Out of the Past Comes A New Dawn
discover the origins of the American Indian Dog you must study
the legends & history of the Native Americans themselves –
a trip back in time before Europeans explored the New World. Long
before the introduction of the horse, the dog was there to guard,
hunt, herd and carry. Their versatility made them essential to
the livelihood & survival of the tribal group. The coyote-like
appearance of the American Indian dog is not a coincidence. The
Native Americans believed the coyote or ‘Gods dog’ was the first
being on earth, & will be the last. Many tribes actively sought
to breed their dogs with coyotes to maintain the dog’s survival
instincts, pack loyalty & high intelligence. However, the
last known introduction of coyote into the Dogs was way before
the 1800’s. It should never be confused with the modern hybrids
that are created by breeding dogs with wolfs or coyotes. The ancestors
of the American Indian Dogs have been traced back before the Ice
Age, whilst they were well documented by the Spanish explorers.
The largest populations were found among the North American Plains
Indians, but the medium – sized Hare & Common Indian dogs
were also recorded from the sub-artic, through Canada, different
parts of the U.S. and down to the tip of South America. Based
on observations made between 1780 & 1830, it was estimated
that from the Comanche in the south to the Blackfoot in the north
there were at least 200,000 of these dogs, (& that’s not including
the Common & Hare Indian dogs & other medium-sized types.
Most Indian family groups had around 20 dogs on average. It is
believed that the main reason the breeds almost became extinct
is that they looked so coyote-like that settlers & soldiers
felt as threatened by the dogs as they did by the Indians themselves.
Also the Spanish eat the Native dogs when they ran out of meat,
this alone could have almost disseminated the dog population itself.
Even after the tribal groups themselves were moved to reservations,
their dogs continued to be destroyed.
The Native Americans bred their
dogs carefully. The breeding was the task of the women of the
tribes who did not allow the bitch to be bred until her third
season. The selected sire was never to closely related. On the
third day, after birth, the pups were best pups were selected,
& the rest destroyed so that the bitch could devote herself
to just one or two. Non-breeding males were castrated.
As a boy, Kim La Flamme,
part Blackfoot, used to play with these dogs. He wanted to find
out more about these dogs, & was amazed to find out they were
considered extinct. When he was only 14 years old he started his
quest to find more dogs, by writing to every reservation &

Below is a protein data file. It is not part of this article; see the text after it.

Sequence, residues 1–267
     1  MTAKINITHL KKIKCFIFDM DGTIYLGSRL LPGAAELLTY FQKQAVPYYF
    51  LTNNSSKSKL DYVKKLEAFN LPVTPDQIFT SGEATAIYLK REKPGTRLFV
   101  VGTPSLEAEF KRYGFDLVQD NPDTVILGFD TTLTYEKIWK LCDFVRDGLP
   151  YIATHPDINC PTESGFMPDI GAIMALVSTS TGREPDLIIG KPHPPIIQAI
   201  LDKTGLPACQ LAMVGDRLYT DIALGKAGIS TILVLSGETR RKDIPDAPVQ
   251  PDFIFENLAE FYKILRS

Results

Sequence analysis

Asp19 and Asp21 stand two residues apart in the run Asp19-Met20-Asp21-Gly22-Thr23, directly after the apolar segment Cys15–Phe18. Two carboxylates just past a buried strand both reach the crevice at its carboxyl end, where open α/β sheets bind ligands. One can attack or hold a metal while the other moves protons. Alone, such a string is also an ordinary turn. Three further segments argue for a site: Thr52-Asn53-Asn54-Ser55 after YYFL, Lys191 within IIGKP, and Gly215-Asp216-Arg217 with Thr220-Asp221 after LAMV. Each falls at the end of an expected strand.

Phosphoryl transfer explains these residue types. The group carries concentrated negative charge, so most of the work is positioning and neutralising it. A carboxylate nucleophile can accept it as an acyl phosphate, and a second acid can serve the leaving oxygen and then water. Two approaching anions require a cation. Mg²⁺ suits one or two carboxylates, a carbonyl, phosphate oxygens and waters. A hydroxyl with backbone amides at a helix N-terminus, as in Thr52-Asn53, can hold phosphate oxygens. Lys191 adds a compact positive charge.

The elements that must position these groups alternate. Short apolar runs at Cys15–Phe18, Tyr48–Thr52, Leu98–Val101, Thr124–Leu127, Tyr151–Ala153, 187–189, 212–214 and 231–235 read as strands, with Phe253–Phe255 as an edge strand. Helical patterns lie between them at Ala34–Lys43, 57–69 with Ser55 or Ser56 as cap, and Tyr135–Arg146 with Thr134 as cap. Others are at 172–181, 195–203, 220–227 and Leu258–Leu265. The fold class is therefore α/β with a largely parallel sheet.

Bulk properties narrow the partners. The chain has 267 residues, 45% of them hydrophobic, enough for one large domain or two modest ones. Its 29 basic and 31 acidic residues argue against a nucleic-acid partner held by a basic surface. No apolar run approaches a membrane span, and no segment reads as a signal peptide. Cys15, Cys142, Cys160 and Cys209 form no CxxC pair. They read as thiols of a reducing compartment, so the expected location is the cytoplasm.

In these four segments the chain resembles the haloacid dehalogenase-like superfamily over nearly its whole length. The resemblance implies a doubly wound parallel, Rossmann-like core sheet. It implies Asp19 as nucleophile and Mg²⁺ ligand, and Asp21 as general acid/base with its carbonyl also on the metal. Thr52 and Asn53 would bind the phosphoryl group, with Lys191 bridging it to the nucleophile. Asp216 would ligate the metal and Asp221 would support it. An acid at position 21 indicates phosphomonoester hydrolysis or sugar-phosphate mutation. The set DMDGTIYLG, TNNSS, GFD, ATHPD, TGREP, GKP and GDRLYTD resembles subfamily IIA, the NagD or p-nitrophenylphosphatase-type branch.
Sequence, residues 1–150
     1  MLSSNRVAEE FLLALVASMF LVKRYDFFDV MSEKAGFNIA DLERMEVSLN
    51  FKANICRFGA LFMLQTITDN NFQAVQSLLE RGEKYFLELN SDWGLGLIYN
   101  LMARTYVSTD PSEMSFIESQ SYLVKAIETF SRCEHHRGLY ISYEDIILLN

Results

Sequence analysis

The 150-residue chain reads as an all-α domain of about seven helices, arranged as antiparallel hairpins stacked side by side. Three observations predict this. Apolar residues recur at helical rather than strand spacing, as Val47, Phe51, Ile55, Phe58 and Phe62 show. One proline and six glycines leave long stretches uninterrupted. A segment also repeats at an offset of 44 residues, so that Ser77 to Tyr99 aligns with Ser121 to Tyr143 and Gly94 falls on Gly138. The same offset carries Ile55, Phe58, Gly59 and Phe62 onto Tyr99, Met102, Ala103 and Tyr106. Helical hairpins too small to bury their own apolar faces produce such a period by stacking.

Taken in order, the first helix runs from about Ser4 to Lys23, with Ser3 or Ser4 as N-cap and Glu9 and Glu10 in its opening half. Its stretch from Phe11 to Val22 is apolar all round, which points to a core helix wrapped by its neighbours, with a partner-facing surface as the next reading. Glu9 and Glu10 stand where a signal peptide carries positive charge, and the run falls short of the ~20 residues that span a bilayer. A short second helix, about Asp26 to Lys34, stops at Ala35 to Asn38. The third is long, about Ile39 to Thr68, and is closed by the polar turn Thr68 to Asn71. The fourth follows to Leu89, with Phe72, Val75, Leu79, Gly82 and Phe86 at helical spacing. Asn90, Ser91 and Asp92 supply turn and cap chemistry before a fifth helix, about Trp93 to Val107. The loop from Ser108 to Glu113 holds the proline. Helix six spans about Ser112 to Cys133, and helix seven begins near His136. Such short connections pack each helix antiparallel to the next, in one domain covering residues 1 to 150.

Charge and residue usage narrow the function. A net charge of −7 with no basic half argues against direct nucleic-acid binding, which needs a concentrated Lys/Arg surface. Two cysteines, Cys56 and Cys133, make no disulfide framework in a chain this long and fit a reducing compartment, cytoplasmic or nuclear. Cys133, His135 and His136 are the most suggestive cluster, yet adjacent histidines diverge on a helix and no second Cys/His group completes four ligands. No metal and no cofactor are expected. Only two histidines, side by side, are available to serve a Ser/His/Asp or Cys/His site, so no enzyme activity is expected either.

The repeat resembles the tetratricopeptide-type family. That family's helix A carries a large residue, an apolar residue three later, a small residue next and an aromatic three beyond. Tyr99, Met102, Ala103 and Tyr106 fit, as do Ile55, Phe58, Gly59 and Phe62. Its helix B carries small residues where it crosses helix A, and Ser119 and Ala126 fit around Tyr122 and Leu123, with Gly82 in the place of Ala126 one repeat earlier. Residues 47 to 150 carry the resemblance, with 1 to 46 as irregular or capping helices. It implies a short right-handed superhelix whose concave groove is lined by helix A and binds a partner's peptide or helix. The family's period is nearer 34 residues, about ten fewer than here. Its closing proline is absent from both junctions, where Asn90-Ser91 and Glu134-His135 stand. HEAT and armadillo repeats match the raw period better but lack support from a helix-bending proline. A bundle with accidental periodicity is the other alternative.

Native American organization in Canada, U.S. & Mexico. He
found a few dogs of the traditional type, as well as other feral
types that he believed, because of the area & their characteristics,
had a lot of Indian dog blood in them.
As an anti war protester, Kim was on the run for some time.
He used his travels to continue to search for The Dogs. Eventually
he gave himself up to the authorities. During this time he had
lost some of the dogs. Undeterred, he once more started the search
for suitable breeding stock.
One lucky find was a male that
he spotted with a hitchhiker – Kim nearly caused an accident when
he turned round on spotting it! The hitchhiker was a Sioux Indian
Lady, bred for generations by her family. This dog was mated to
his bitches & apart from two more feral dogs, there has been
no other more good specimens found for the breeding program Although
the registry is closed, it sure would be re-opened if a particularly
good specimen were to be found, although Kim believes that many
of the dogs, reputations are being damaged by the unscrupulous
hybrid breeders that are trying to market there wolf & or
coyote hybrids as Indian Dogs. Kim says there was already enough
coyote blood in them, to want to bring more wild blood back in?
– “There is nothing wrong with hybrids if you know what you’re
getting & from a responsible breeder, but it is very irresponsible
to sell some unsuspecting person a hybrid, they are nothing like
the loyal & trainable personality of the American Indian dogs,
just because they may look similar, doesn’t mean they are. The
American Indian Dogs where not hybrids. We need to take care of
our heritage not put a lot of faults information out there, there’s
enough out there already,” Kim says.
Thanks to Sarah Harrison for submitting this article to
to Sarah Harrison for submitting this article to DOGS MONTHLY.